4. Other Considerations: Custom time intelligence allows us to show:

1. Current year-to-date comparative,

2. Current month compared to the same month in the prior year,

3. Current month vs. an average of the last three current year statements.

This provides different comparatives from other statements without having to pull out the past months paper statements.

The ‘Roll back month’ allows us to roll our statement back to view prior periods.

To visit and interact with this report, click on the report image below. As always, thanks for visiting! – Mark

9 responses to “Creating an Income Statement in Power BI”

  1. gveg Avatar

    Great stuff. Thank you !

    1. Mo Avatar

      would love to see how you prepared your dataset to build the dashboard.

      1. Mark Walter Avatar
        Mark Walter

        Feel free to download the sample file I’ve posted on the Sample Report tab. Thanks!

    2. Mark Walter Avatar
      Mark Walter

      Thank you for the kind words.

  2. zwe Avatar

    could you please share sample file for practice purpose?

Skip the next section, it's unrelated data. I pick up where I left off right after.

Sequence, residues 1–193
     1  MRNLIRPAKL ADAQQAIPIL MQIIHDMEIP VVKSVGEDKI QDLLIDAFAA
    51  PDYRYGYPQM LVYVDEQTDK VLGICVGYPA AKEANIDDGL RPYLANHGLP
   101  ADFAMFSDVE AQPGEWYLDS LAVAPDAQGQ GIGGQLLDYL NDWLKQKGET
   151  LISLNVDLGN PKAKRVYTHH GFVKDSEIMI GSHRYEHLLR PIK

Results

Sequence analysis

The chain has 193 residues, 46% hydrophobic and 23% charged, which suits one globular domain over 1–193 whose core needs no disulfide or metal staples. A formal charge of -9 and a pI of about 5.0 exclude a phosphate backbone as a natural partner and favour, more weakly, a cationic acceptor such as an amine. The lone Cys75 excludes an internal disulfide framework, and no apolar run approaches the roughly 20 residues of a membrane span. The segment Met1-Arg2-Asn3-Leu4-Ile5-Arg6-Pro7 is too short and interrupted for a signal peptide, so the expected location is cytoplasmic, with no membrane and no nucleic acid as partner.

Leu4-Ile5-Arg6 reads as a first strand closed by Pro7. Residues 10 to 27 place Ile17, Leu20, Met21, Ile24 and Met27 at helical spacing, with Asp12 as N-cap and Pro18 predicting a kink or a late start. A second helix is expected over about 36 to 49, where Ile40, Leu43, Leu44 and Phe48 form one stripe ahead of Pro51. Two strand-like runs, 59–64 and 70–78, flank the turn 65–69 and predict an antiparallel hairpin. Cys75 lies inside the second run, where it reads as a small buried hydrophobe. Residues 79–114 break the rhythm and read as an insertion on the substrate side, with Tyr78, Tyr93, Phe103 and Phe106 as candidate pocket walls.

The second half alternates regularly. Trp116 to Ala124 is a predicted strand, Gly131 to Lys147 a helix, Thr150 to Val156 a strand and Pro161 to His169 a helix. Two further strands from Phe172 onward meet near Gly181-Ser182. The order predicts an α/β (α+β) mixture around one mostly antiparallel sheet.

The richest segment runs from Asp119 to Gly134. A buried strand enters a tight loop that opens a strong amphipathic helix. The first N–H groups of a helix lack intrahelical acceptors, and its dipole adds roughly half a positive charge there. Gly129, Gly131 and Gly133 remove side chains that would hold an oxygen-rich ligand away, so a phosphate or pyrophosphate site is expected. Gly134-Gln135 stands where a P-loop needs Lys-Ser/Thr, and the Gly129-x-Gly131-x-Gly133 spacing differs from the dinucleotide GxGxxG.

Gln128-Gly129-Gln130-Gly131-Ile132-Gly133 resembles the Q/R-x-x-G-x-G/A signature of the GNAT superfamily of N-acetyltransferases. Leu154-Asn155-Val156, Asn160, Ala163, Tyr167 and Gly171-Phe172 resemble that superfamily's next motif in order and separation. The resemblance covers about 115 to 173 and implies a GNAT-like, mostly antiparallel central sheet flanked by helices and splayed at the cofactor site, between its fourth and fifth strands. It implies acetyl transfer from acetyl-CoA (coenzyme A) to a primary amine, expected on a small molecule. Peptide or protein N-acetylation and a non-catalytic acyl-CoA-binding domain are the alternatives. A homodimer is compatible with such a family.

1. Mark Walter Avatar
      Mark Walter

      Hi ZWE, I’ve posted the link to the sample file in my Sample Report tab. Thanks, Mark

      1. Sami Avatar

        Hi Mark. This is wonderful work. However, your link is empty. There is only a sports network link which requires a password. How could we download this sample fire to practice and apply our own ideas to create our own project?

      2. Mark Walter Avatar
        Mark Walter

        Hi Sami, thanks for the question. I’ll update this sample file link today with the current mini retail sample dataset I teach from. Thanks again!

  3. Yusuf Adetona Avatar
    Yusuf Adetona

    Thanks for creating this amazing dashboard, is it possible to have this data set, maybe in excel or so?